Roe and me


Author: John Nagy ’00M.A.


My mother hung up the phone one afternoon in 1969, sick with the news shared by a mutual friend about an old roommate from their days as Pan Am stewardesses. The woman, once so proud of her pregnancy, had flown to the Caribbean for an abortion. Mom told me recently that she took one look at her first child, my brother Tom, and wept. “I kept thinking if she’d had her baby, he would have been every bit as wonderful as Tom,” she said.

I don’t need that story to reassure me that my parents never considered an abortion when they found out about me. But I suppose they could have. I was in fact just entering the second trimester when the U.S. Supreme Court handed down Harry Blackmun’s majority opinion in the case of Roe v. Wade.

They were living in Germany at the time. Dad, building a career as a wire-service journalist, was assigned to UPI’s Bonn bureau. They’d arrived the year before in good financial shape after four life-defining years in New York, London and Moscow. But a financial crisis soon sent the dollar dropping through the floor and the high-end rent on the lease my parents had signed nearly doubled as a percentage of their income. UPI, notoriously stingy even in the best of times, made no effort to help its employees out. The company even maintained its policy of paying reporters in dollars they’d have to exchange.

The pinch was severe and my parents had to borrow money for living expenses. I’ve marveled at this story my whole life. Now, as a father of five with no skills more marketable than the ability to string sentences together, I can relate.

UPI found Dad a job in its Washington bureau and my parents made ready to move back to the United States, but their troubles were just beginning. The boy child growing in my mother’s womb had a pair of serious developmental defects detected at birth. What the German doctors thought was a relatively harmless cataract on my left eye was actually a dangerous failure of its primary vitreous to grow. A series of surgeries and eye patches and lens therapies which I endured that first year of my life saved the eye itself but left me sightless on that side.

At one point, while staying with my mother’s parents in Pittsburgh a blood vessel broke in my eye, causing me severe pain. My grandfather picked me up and soothed me as he alone had been able to do those first few months while we waited for my father to join us, but the damage to the optic nerve was permanent.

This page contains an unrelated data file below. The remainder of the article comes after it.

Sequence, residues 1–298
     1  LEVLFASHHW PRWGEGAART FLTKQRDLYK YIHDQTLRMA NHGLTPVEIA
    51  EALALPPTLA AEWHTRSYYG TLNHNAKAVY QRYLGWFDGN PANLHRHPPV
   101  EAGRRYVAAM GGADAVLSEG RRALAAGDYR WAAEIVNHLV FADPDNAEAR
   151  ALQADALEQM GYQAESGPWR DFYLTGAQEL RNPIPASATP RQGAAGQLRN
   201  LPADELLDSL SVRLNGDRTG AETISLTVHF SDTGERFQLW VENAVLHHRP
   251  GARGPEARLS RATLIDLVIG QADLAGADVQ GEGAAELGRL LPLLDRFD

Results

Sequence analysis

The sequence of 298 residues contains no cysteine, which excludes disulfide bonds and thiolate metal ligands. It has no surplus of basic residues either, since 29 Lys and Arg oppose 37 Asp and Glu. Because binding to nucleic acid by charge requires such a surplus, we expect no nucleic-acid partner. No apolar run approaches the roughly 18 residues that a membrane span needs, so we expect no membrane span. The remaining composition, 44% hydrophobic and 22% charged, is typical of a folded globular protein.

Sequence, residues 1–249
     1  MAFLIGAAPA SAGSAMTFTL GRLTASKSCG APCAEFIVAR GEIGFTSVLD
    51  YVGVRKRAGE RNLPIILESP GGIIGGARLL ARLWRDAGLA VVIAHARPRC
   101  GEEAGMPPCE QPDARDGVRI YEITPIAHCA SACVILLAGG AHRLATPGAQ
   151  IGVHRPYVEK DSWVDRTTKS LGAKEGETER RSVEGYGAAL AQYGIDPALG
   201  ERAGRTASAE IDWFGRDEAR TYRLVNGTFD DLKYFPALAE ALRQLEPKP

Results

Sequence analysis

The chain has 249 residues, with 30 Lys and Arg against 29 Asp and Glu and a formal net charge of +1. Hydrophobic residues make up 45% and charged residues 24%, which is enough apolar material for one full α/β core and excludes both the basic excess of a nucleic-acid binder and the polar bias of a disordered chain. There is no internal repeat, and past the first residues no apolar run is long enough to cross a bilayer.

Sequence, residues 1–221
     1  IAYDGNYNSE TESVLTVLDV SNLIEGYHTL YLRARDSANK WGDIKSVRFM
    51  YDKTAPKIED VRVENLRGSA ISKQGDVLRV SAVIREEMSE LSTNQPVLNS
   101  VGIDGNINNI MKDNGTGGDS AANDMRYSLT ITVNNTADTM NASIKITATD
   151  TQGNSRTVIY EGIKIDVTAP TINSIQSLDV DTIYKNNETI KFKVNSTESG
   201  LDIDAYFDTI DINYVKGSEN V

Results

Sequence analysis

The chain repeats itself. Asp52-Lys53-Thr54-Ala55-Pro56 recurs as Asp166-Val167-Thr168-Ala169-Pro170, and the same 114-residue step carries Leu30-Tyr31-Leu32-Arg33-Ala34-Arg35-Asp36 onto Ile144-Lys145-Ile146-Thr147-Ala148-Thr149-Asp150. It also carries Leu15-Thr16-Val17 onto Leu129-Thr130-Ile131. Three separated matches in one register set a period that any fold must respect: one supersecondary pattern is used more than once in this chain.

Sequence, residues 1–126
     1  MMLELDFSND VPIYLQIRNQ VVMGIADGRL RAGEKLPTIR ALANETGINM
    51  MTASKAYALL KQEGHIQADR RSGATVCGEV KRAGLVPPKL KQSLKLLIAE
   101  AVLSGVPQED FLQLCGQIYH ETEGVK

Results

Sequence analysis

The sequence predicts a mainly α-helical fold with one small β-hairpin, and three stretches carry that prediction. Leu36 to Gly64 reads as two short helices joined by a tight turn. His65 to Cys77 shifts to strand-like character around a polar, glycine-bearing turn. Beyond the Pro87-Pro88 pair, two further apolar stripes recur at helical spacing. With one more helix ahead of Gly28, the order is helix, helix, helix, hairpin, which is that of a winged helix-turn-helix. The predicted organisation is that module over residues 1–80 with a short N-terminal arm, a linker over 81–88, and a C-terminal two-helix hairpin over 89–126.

Less serious were my pigeon toes. They simply required surgeries, months of leg casts and then a pair of shoes connected with a bar I was allowed to take off for two blissful hours a day. When I finally took them off one last time in the fall of 1974, I was ready to run.

So I did. Over time, with the help of medication, cosmetic surgeries and my parents’ tireless nurturing, I learned to cope with one blind eye. Some friends don’t notice my lazy left eye until I mention it. Others admit they found it distressing at first. I still walk into doors when I’m not careful as I did just yesterday while talking to an associate vice president on my way to the elevator. I still walk into my friends if we’re going somewhere fast and I forget to position myself so they’re on my “good” side. I couldn’t hit a baseball after the pitchers started shaving and throwing 70 miles per hour. But to the satisfaction of my driving instructor and the State of Indiana, I can drive.

Still, I’m haunted. What gave my parents the courage and strength to bring me into this world amidst personal crisis and to love me through that first woeful year, when others under similar circumstances choose abortion? How many babies with defects like mine never get the chance to wear protective glasses before taking them off in high school and quitting basketball in an act of frustrated rebellion?

Why did my mother’s former roommate change her mind? And why did my mother cry? I don’t know. I’m just glad to be alive.

I have protested legal abortion since I learned about it in junior high. But I have been heartened over the years to see so many reach the conclusion that this goes even deeper than the intersection of morality and law. Whether Roe is overturned today or never, the lasting cure for abortion is the painstaking, sacrificial work of love and life, of culture and spirit. The joy my parents felt despite my cloudy eye and half-moon feet, like the joy I felt even while my own son spent his first week in that bright incubator, is available to everyone. And it’s eternal.

John Nagy is an associate editor of Notre Dame Magazine.

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